Teenager Angie Liew has grown to love competing in Triathlon, following her father’s footsteps. This 13 year-old sweet lass recounts her recent podium finish at the Ultra Aquathlon in Malacca, in the Dash category on a 300m open water swim and 2km run.
It was still dark and grim as my family and I reached the serene beach. Energetic music played in the background nearby. Bright streaks of sunlight painted the sky, like orange watercolour on an obsidian-black canvas. Shivers went down my spine as the breeze fluttered past, blowing my long hair into my face. It was already seven in the morning and the Ultra Aquathlon would start soon on the Klebang beach in Malacca.
It was an Aquathlon, hence the name, and consisted of two principles: swimming, then running. I was excited yet doubtful as I knew that this race would depend heavily on my worst principle, which was swimming.
“A great way to start off the new year” my mother had said, and I decided to believe it too. I grabbed my race equipment, and set up at the transition area. There was still a 2-hour wait more before my category would start racing and I could feel the welcoming waves from the sea calling me, inviting me with open arms, ready to engulf me forever.
The sun rose slowly, stretching over the horizon amidst a light pinkish sky, with dashes of orange and red. My teammates and I waded into the cool, murky water to warm up and I was surprised to find that instead of a sandy seabed, it was soft silt looking like mud! It was really weird to the touch at first, but after awhile, it seemed quite comfortable, and wasn’t sharp like sand against my feet.
On the starting line, both boys and girls from ages 8-15 lined up, listening to a briefing by the organisers on the swim route, and where to get out of the water. I was becoming a nervous wreck out there, and the butterflies in my stomach were going crazy. And finally we were flagged off!
We sprinted down the sandy beach and dived into the shallow sea, splashing and thrashing around, making it impossible to see ahead. I pushed ahead, feeling the smooth rhythm of the swim, and the icy water swirling past my body. As I reached the first 100 meter buoy and turned left, I was trying to keep up with the person in front of me as my arms ached from pulling, but I didn’t give up. I imagined my parents on the shore, cheering me on, so I pushed on stroke by stroke.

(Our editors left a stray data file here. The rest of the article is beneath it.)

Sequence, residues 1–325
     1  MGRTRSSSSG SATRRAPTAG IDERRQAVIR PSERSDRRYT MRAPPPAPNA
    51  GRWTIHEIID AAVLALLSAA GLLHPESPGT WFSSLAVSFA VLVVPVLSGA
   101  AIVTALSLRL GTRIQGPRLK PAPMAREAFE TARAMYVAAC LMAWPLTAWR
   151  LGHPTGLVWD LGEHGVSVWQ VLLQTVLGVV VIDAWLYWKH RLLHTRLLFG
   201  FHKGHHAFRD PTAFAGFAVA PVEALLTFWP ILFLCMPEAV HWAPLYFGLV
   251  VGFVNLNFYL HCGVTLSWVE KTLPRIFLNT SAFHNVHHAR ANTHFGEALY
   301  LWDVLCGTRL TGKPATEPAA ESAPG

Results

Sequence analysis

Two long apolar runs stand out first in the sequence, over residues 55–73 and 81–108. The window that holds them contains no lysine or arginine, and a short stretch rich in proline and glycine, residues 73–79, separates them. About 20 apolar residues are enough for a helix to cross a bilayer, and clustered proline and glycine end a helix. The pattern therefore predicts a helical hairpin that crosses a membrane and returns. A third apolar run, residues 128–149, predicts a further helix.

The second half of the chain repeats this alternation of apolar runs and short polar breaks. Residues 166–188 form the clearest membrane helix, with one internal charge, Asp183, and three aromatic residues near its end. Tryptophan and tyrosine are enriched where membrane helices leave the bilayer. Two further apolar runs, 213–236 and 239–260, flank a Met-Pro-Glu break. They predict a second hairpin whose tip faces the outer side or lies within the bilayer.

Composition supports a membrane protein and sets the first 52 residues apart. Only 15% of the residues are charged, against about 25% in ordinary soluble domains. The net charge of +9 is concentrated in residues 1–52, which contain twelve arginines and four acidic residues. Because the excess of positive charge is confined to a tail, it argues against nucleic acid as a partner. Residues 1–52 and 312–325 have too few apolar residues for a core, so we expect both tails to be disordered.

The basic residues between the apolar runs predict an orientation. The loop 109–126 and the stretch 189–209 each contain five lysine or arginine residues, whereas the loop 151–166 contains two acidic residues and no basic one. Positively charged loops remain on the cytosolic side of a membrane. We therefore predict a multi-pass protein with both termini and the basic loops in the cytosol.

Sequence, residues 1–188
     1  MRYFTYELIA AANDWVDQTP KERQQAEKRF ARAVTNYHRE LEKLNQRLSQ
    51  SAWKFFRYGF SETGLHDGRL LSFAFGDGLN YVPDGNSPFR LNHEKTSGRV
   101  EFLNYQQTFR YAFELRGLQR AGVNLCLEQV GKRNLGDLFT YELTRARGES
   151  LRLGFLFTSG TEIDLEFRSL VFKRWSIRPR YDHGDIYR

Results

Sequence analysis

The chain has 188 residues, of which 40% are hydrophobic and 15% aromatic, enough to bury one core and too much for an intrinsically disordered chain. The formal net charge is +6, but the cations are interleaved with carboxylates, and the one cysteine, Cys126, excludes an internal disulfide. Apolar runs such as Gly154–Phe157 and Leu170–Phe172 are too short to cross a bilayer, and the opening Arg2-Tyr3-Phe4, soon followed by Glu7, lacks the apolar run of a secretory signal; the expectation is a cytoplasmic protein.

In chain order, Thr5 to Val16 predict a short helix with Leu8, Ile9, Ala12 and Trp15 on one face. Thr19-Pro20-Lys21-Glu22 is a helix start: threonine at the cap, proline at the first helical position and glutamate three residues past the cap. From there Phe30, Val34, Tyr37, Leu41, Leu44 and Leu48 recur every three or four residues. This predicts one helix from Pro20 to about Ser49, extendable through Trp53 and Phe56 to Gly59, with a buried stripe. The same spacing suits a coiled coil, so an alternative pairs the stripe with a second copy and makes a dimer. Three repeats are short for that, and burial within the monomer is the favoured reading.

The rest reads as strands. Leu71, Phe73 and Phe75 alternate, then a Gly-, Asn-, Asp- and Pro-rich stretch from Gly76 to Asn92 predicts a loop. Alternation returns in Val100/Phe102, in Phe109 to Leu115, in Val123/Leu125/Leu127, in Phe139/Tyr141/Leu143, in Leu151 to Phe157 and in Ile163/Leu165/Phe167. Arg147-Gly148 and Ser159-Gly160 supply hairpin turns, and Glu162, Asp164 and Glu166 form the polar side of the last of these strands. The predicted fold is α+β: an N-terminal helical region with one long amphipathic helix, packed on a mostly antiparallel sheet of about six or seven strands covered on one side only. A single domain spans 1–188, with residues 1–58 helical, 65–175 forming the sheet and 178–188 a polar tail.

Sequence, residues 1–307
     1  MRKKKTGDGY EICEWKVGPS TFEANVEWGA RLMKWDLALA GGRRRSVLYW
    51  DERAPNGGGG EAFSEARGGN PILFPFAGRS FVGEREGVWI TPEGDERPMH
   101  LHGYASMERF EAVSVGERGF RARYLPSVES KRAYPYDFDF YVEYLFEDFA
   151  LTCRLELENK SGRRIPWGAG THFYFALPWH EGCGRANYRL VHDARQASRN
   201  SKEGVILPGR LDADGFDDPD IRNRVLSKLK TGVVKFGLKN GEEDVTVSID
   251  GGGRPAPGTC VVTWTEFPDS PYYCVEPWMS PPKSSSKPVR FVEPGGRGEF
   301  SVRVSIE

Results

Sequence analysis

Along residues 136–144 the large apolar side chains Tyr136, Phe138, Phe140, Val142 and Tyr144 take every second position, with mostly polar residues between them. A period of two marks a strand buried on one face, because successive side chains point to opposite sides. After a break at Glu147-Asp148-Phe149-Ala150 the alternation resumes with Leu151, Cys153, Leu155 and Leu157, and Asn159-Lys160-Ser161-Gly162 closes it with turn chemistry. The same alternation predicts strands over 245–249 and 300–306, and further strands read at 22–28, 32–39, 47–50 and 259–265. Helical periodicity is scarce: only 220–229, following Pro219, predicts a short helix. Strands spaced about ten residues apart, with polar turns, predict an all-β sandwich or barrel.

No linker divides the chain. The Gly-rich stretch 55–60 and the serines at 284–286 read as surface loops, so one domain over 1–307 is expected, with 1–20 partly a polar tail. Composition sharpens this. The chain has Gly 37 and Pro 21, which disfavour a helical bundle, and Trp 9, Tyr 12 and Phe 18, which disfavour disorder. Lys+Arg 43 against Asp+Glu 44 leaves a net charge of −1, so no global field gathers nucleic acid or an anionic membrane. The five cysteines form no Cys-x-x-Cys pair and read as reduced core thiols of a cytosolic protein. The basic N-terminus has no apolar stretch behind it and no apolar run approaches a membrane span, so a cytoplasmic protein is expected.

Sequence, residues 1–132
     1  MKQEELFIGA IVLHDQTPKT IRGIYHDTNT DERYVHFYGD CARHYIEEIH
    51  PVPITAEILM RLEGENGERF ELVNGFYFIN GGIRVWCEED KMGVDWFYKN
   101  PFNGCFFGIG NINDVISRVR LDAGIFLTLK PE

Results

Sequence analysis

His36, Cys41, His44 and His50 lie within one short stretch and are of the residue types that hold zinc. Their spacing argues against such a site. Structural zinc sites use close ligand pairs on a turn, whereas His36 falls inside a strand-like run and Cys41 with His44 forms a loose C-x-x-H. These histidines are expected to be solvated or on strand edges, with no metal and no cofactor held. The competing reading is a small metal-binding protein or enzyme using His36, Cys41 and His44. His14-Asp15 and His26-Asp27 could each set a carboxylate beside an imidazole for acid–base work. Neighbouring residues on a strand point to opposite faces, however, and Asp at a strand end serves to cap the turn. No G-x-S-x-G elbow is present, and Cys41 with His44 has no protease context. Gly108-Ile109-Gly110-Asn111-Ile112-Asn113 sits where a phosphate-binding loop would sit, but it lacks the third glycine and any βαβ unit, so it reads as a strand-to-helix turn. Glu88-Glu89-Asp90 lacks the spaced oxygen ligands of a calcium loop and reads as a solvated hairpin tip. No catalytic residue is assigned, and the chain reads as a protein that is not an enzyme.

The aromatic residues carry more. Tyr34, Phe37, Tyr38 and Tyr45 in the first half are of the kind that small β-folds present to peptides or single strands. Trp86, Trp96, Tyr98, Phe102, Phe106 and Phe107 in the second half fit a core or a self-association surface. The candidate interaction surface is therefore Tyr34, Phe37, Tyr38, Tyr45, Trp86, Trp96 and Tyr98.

Completing the 300 meter swim, I emerged from the sea unsteadily, stumbling with exhaustion and a mouthful of salty seawater. I sprinted to the transition, where I saw another girl and I set my mind to pace with that girl on the run.
To my horror, as I tried to slide into my shoes, I realised that there was crumpled newspaper in my shoes! I scrambled to seize the newspaper out of my shoes, wasting countless amount of seconds; watching in vain as a few others passed me.
Through the haze of my dismay, I saw another girl not too far up ahead of me, running steadily with her dark ponytail swinging behind her. My heart leapt as I picked up the pace, planning to overtake her. With every painful step, I just imagined my parents waiting anxiously at the finish line for me. It was hard to tell how much further I had left to run and I could feel the scorching sun against my skin as sweat rained down my face.
I felt my whole body fly in the final meters and my legs grew numb, but I refused to give in as I flew across the finishing line, completing 2 kilometers. Relief and contentment flooded through me.
Surrounded by my teammates in the finishing area, we chilled in the ice pool, and laughed our sorrows away. It was tiring but enjoyable just to be there, surrounded by the whole community of athletes and racers. I finished third in my age and gender category, and was proud to step up on the podium once more.
It was a weekend well spent, worthwhile to race and have fun with my family. I felt that somehow, this sporting event had brought my family bond closer together, in the midst of all our different lives.
View more photos on Tough Asia’s Facebook album courtesy of Wilson Liew.
More about the budding triathlete
Angie Liew, 13 is a petite girl who just loves the feeling of wind blowing through her hair. Introduced to sports and triathlon by her father, she’s loving it and just won’t stop!
She started with Kids of Steel Triathlon and transitioned to train under Team M3X of TRI-AMAteur Triathlon Club, currently a Year 9 student of Tenby International School, Setia Eco Park.